David

Glad you found something that you're happy with.

The firing time won't be any longer until the elements are so worn that they can't put out enough heat to keep up with the firing schedule. Prior to that point, the controller will simply cycle the relays more often or for longer periods to keep up with the schedule. It may be that by the time the firing is actually slower, the elements are beyond where they should have been replaced. Or maybe not. I don't know. But until you do know, keep testing them with an ohm meter to be sure of their condition.

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  • 1 year later...

Hi... the D-pads have different mechanisms in them. The stiffer ones push down directly on the PCB, while the one with more roll/throw to it is attached to a stem that goes through a hole in the PCB and attaches to another piece which presses up on the back of the PCB! These pads are far better in my opinion, this is the best way to make a D-pad and feels much better to play games with, my one is permanently plugged into my Amiga.

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  • 11 months later...
On 10/19/2017 at 5:49 PM, Suzyq said:

I'm getting close to ordering my first kiln ( eyeing Cone Art ).  I was wondering if folks that had  used the Genesis controller were happy with them... any issues? Any software bugs... or complaints about the user interface?  Any fried controllers that had to be replaced yet?

Suzy

Hi Suzy, 

On my new Olympic 10 cubic foot kiln the controller is factory set to turn off if it get too hot(160 degrees) This feature is not mentioned in the manual and I couldn’t find it online. My first 2 cone 7 firings were interrupted several times resulting in over firing, because it spent so much time above 2000.  The suggest fix is to put a fan on it to cool the controller!!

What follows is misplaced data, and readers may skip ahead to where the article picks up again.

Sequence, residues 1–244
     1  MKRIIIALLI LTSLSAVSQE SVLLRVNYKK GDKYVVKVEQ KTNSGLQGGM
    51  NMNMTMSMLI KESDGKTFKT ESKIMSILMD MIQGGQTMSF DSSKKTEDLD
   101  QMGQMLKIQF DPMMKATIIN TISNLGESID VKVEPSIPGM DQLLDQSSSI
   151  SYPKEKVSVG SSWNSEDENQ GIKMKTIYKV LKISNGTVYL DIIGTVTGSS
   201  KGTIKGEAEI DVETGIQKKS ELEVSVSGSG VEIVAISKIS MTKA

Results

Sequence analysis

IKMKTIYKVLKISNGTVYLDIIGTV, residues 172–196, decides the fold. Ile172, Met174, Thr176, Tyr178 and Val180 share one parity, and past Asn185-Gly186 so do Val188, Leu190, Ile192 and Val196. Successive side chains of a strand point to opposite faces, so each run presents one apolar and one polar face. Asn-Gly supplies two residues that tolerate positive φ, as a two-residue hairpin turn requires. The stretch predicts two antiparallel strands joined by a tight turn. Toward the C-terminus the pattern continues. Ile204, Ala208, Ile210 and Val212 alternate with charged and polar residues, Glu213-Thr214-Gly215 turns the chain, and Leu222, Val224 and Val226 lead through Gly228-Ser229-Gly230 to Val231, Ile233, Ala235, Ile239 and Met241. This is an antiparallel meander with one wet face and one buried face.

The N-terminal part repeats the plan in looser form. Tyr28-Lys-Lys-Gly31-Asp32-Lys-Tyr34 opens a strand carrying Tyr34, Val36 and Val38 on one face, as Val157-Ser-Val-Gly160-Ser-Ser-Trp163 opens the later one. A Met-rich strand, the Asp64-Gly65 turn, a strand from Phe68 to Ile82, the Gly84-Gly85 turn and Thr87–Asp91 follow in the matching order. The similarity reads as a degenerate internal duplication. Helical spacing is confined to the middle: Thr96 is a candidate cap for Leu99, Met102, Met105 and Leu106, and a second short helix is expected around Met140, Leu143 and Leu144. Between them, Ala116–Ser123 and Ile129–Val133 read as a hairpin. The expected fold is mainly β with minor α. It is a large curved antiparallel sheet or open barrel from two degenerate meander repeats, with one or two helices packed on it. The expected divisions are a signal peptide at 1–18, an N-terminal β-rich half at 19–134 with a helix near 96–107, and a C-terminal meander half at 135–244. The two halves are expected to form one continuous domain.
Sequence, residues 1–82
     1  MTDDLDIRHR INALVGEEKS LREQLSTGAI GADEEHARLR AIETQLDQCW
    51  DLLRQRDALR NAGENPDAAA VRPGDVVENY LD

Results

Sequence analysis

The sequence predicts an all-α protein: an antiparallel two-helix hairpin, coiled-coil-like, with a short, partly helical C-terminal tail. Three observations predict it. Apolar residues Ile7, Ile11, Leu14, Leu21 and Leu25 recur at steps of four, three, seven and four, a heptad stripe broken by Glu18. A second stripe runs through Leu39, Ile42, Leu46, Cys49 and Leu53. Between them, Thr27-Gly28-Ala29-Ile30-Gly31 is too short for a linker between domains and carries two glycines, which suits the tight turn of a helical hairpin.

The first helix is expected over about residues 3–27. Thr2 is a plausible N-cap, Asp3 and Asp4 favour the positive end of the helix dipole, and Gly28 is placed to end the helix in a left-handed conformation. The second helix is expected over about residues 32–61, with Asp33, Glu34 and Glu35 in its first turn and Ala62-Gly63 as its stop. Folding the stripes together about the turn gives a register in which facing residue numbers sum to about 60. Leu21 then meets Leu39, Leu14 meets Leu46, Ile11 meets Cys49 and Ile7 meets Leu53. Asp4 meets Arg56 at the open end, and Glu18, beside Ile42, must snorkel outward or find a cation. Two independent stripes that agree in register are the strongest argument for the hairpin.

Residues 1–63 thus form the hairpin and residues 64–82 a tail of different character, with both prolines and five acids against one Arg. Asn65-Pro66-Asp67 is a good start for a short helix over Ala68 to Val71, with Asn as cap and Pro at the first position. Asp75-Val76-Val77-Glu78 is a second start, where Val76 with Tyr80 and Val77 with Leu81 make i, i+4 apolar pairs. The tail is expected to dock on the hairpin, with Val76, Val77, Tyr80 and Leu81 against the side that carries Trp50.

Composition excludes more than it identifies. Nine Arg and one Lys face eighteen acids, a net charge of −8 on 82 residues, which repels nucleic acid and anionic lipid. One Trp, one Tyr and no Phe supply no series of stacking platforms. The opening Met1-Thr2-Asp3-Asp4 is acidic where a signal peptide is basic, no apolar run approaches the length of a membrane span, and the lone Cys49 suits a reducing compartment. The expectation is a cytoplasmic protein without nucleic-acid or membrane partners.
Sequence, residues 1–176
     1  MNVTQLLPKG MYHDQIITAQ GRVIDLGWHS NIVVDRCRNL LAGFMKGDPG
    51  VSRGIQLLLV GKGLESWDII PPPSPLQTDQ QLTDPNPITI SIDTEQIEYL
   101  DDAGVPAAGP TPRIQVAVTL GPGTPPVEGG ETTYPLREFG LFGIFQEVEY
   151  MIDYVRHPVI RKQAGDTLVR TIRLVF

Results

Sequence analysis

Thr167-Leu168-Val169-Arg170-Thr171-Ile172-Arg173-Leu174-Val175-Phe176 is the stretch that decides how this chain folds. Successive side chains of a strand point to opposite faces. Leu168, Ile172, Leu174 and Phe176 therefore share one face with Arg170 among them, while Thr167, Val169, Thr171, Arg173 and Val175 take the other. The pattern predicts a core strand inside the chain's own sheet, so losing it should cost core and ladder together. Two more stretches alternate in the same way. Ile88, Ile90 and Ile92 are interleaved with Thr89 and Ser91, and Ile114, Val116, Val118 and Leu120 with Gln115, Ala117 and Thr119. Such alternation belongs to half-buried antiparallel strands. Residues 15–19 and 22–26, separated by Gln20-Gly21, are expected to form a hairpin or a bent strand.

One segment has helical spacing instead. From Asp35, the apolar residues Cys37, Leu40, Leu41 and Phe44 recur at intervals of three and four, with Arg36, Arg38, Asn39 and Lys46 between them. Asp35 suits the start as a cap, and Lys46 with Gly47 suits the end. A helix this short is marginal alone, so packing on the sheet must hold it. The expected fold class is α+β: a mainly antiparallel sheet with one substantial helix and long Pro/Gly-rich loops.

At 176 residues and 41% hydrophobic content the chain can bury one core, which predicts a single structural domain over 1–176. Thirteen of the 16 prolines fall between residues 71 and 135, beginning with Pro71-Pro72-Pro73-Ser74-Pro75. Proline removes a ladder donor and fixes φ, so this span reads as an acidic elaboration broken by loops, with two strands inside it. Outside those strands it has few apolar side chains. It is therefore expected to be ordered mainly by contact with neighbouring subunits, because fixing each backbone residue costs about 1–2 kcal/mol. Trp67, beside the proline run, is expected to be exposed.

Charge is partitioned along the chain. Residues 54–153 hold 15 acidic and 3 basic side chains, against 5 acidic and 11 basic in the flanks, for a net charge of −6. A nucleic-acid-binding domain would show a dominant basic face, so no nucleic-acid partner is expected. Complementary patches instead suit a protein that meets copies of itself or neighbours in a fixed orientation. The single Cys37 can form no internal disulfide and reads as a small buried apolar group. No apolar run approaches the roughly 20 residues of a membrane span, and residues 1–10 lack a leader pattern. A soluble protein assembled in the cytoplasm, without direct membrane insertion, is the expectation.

I called the kiln manufacturer and they showed me how to change the top hot number to 200 degrees.  It fired normally last night, but kept me checking it for hours near the end.  I am amazed that this kiln controller is mounted in such a way  that it gets too hot!!  It’s a kiln, it get hot! Other manufacturers have wall mount options or at least the controls are not attached to the kiln.   
as far as the app is concerned it’s handy to check current temps and when it’s complete or in error. But that’s about it, no record of firings, no other features.  So just be aware the controller will turn off if it gets hot unless the “hot point” is set higher.

good luck!!

erik 

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59 minutes ago, Erik Hertz said:

I am amazed that this kiln controller is mounted in such a way  that it gets too hot!!

Most manufactures, especially today provide isolation and vents for airflow to keep these below 160. If the area where the kiln is  becomes  hot though, they really only have hot air to try and cool themselves. Perhaps the area your kiln is in overheats a bit at top temperatures and could use some ventilation. The Bartlett controller has a board temp parameter see the technical manual, it’s called max board temp and in the hidden menu. I mention this because it’s obviously getting more than 160 degrees, reducing this ambient temperature will likely extend the life of your kiln controls, relays, Control wiring etc....

here is a link to the manuals: https://www.bartinst.com/manuals/kiln

Edited by Bill Kielb
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2 hours ago, Erik Hertz said:

I am amazed that this kiln controller is mounted in such a way  that it gets too hot!!  

Usually when I see controllers shutting down from heat it's because the room space is not being adequately vented and cooled. If the room is vented properly it should not be an issue. If you can't change how the room is vented, then aiming a fan at the controller is the only thing that will cool it down.